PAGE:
PowerShell Set-Mailbox For Exchange 2010
Set-Mailbox is a handy PowerShell cmdlet for modifying an existing Exchange mailbox. When changing multiple mailboxes employ a second PowerShell cmdlet such as Get-Mailbox, then pipe its output into Set-Mailbox’s input.
- Getting Started with Set-Mailbox
- Example 1: Increase the Message Size Limits
- List PowerShell’s Set-Mailbox Parameters
- Example 2: Piping Input with Get-User
- Example 3: Set-Mailbox -Type
Before unleashing the power of any ‘Set-xyz’ cmdlets, I find it safer to check with the corresponding Get-xyz first. Another technique is to wade straight in with Set-Mailbox, but append the -WhatIf parameter until you are sure that the results are what you expected.
The only required parameter for Set-Mailbox is -Identity. As an alternative to the Exchange Alias, you could specify Distinguished name (DN) Domain\Account, User principal name (UPN), GUID, or the SmtpAddress; it makes no difference to Set-Mailbox’s -Identity parameter.
Set-Mailbox -Identity "GuyT" -MaxSendSize 5mb
Note 1a: While -Identity is the only mandatory parameter, it’s worth researching the other switches or parameters to improve your scripts.
Note 1b: Other interesting parameters include the ‘Archive’ family, e.g. ArchiveQuota and the Forwarding family e.g. ForwardingSmtpAddress.
Note 1c: Set-Mailbox -type accepts the following values:
One of the beauties of PowerShell is piping. In this case obtain a flow of ‘Managers’ using another cmdlet, and stream them into Set-Mailbox so that you can manipulate their properties.
Get-User -Filter "Title -eq ‘Managers’" | Set-Mailbox -MaxReceiveSize 20Mb
Note 2a: An alternative source cmdlet is Get-Mailbox, the piping techique would be the same as in the above script.
Manipulating another user’s mailbox is a responsible task. Thus before you execute the appropriate PowerShell you must be a member of these exchange groups:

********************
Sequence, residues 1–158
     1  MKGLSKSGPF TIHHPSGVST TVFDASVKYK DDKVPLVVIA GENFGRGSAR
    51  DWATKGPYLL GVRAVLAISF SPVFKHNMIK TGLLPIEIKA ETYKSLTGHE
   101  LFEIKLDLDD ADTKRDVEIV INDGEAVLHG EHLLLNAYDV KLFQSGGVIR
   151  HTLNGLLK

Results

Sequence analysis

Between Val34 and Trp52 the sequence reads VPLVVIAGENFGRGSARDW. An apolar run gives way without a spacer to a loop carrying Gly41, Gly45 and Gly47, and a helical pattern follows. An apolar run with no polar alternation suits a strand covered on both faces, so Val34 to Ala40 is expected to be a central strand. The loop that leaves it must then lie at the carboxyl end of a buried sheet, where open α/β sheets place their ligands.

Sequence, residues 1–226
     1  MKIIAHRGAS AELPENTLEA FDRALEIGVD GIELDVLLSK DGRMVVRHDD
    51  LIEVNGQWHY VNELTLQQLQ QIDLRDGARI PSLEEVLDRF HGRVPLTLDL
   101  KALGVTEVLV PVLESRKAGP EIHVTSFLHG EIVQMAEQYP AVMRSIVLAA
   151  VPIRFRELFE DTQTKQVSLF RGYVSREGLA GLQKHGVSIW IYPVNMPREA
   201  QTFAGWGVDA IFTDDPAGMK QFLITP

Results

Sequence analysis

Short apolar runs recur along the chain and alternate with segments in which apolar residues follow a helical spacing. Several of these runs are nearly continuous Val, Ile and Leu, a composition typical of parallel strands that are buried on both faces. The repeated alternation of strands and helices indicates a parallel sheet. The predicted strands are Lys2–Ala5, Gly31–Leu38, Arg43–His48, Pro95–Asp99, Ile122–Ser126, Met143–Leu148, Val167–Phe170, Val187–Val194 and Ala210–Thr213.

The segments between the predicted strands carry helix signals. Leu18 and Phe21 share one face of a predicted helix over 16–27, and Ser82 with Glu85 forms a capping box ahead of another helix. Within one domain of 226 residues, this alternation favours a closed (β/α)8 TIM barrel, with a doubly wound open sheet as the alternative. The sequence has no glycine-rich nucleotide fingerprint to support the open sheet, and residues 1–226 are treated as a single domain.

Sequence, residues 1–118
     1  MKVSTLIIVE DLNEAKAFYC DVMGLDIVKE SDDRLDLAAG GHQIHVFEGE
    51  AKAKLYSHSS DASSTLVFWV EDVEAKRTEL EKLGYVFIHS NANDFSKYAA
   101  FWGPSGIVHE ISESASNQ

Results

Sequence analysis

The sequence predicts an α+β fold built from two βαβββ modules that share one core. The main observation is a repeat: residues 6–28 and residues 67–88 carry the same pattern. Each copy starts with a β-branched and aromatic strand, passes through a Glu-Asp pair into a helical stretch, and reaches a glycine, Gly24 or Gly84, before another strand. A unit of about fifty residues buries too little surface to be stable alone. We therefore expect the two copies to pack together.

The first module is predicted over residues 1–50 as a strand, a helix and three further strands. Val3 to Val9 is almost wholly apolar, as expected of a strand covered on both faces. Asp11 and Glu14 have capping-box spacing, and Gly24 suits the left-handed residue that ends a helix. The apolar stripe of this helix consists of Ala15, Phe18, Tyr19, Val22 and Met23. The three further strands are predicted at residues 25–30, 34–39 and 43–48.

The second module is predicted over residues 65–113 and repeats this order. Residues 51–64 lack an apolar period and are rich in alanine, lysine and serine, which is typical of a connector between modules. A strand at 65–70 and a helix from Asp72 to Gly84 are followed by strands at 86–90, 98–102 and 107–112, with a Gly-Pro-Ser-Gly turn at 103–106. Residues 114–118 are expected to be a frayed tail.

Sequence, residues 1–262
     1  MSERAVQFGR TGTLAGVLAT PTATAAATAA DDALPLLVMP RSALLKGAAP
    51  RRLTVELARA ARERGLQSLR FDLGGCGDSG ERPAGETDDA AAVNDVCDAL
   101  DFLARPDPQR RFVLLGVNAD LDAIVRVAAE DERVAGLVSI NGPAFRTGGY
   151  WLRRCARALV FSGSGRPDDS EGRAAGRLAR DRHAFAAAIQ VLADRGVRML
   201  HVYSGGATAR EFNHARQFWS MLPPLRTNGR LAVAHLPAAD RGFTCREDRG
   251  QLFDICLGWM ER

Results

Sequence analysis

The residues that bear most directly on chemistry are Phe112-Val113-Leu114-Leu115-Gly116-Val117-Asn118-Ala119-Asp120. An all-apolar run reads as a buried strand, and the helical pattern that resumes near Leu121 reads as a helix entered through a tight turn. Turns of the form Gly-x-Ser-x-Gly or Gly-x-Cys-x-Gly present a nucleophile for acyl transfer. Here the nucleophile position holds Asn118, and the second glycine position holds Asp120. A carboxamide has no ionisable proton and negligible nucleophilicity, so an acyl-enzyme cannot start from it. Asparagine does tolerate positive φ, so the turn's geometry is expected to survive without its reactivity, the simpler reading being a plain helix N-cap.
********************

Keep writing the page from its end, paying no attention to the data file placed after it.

- ‘Organization Management role group’
- ‘Server Management management role group’
(Management management is not a typo!)
Instead of the EMC try this PowerShell command:
New-ManagementRoleAssignment -Role "Organization Management role" -User YourName
Import users from a spreadsheet, complete with their mailbox. Just provide a list of the users with the fields in the top row, and save as .csv file. Then launch this FREE utility, match your Exchange fields with AD’s attributes, click and import the users. Optionally, you can provide the name of the OU where the new mailboxes will be born.
- Bulk-import new users and mailboxes into Active Directory.
- Seek and zap unwanted user accounts.
- Find inactive computers.
Before you use a parameter such as -Type, I strongly recommend that you test with Get-Mailbox -Type, before you unleash a command that’s actually going to change this attribute.
Set-Mailbox -Type Room
Compare PowerShell with the EMC
- Launch the EMC, navigate to the Recipient Configuration Mailbox (see screenshot right)
Other Members of the PowerShell Mailbox Family of Cmdlets
As I have alread mentioned I would start with Get-Mailbox, but there are other similar PowerShell cmdlets, research thus:
Get-Command -noun Mailbox
More Examples of Mailbox Cmdlets
Try this: Get-Command -noun Mailbox*
You should find Get-MailboxServer and Get-MailboxDatabase.
I like thePermissions Monitor because it enables me to see quickly WHO has permissions to do WHAT. When you launch this tool it analyzes a users effective NTFS permissions for a specific file or folder, takes into account network share access, then displays the results in a nifty desktop dashboard!
Think of all the frustration that this free utility saves when you are troubleshooting authorization problems for users access to a resource. Give this permissions monitor a try – it’s free!
Summary of PowerShell Set-Mailbox
Set-Mailbox is the best cmdlet for modifying an existing Exchange mailbox. For changing multiple mailboxes employ a second PowerShell cmdlet such as Get-User, then pipe its output into Set-Mailbox.
If you like this page then please share it with your friends